## New answers tagged norms

0

I think it's worth mentioning the well-known fact that, in a finite-dimensional euclidean space (of dimension larger than 2), just preserving one distance (say, $\|f(x)-f(y\|=1$ as soon as $\|x-y\|=1$) is sufficient for $f \colon X \to X$ to be an isometry.

0

Maybe It is time to sum up the work that has been down up to now :
Let $X$ and $Y$ be normed spaces, and $f$ a function $X\to Y$.
Denote by $\cal C$ the condition "$||x-y|| = n\in \mathbb N \Rightarrow ||f(x)-f(y)|| = n$".
1) If $\dim(X)=1$, no proper condition can be added to $\cal C$, and even to the stronger condition set by the asker, that would imply ...

6

Terry Tao's argument generalizes to show that $f$ must be an isometry whenever $X$ has dimension greater than 1 and $Y$ is strictly convex. We start by proving a series of lemmas:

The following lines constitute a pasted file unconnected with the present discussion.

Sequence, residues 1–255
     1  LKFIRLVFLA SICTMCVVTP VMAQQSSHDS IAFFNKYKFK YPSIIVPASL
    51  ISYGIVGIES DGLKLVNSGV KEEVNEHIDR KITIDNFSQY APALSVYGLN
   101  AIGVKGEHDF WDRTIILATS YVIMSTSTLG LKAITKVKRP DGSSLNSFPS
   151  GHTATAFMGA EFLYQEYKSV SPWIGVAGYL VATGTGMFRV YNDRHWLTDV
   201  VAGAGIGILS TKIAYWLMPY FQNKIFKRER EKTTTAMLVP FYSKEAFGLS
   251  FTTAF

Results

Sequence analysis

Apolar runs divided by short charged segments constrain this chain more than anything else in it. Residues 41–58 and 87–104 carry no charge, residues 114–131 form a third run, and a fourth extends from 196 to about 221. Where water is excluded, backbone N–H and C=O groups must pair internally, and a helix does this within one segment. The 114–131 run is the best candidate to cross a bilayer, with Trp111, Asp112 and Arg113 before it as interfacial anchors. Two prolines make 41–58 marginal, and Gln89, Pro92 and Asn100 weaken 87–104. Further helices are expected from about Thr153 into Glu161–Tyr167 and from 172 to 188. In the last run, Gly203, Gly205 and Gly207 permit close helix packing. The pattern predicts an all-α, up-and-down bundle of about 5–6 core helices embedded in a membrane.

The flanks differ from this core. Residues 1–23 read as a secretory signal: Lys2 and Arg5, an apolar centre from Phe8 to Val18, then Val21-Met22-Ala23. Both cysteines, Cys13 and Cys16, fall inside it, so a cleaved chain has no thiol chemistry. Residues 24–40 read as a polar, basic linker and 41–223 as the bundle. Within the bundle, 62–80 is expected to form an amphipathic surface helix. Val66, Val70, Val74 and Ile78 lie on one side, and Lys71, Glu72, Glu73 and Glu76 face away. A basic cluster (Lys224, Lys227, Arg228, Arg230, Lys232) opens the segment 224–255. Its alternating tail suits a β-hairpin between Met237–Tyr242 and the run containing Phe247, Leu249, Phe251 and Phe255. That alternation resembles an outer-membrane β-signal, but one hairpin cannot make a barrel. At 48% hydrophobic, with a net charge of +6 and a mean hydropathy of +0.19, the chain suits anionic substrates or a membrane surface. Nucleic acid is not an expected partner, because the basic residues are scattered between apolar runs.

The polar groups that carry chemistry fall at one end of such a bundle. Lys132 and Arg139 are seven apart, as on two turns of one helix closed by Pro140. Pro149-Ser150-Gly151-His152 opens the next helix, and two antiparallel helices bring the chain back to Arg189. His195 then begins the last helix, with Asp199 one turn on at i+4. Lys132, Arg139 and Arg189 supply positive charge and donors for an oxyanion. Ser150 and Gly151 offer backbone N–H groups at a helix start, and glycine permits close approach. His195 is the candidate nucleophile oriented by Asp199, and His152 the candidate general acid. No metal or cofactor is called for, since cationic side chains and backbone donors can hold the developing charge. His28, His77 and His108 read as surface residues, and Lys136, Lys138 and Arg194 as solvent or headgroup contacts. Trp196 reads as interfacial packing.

Lemma 1: Let $x,y\in X$, and let $a,b\geq0$ be such that $a+b\geq\|x-y\|$ and $|a-b|\leq\|x-y\|$. Then there exists $z\in X$ such that $\|x-z\|=a$ and $\|y-z\|=b$.
Proof: Let ...

17

So it turns out my earlier intuition was incorrect, and one can leverage the order properties of ${\bf R}$ to show:
Theorem. Let $X, Y$ be real Hilbert spaces, with the dimension of $X$ at least two, and let $f: X \to Y$ be a function such that $\|f(x)-f(y)\|=\|x-y\|$ whenever $\|x-y\|$ is a natural number. (We do not assume $f$ to be continuous.) Then ...

2

Partial answer, in the case where the norm space = $R$.
Let us define condition $\cal C$ by $||x-y||= n$ ⇔ $||f(x)-f(y)|| = n$.
Assume that the normed space is $R$, so that the norm is of the form $\lambda|*|$ with $\lambda > 0$.
w.l.g, I assume that the norm is the usual absolute value.
Let $h(t)$ be a continuous bijection $[0,1]\to [0,1]$, such that ...

2

Here is one possible condition:
If $f(x)$ is continuous and fulfills
$||f(kx)-f(ky)|| = k||f(x)-f(y)||$, for every $k \in N$. This works because :
1) the equivalence you wrote above will be true not only for $n\in N$ but also for every positive rational number $n$ (easy to check)
2) it will be in fact true for all positive real number $n$ : recall that ...

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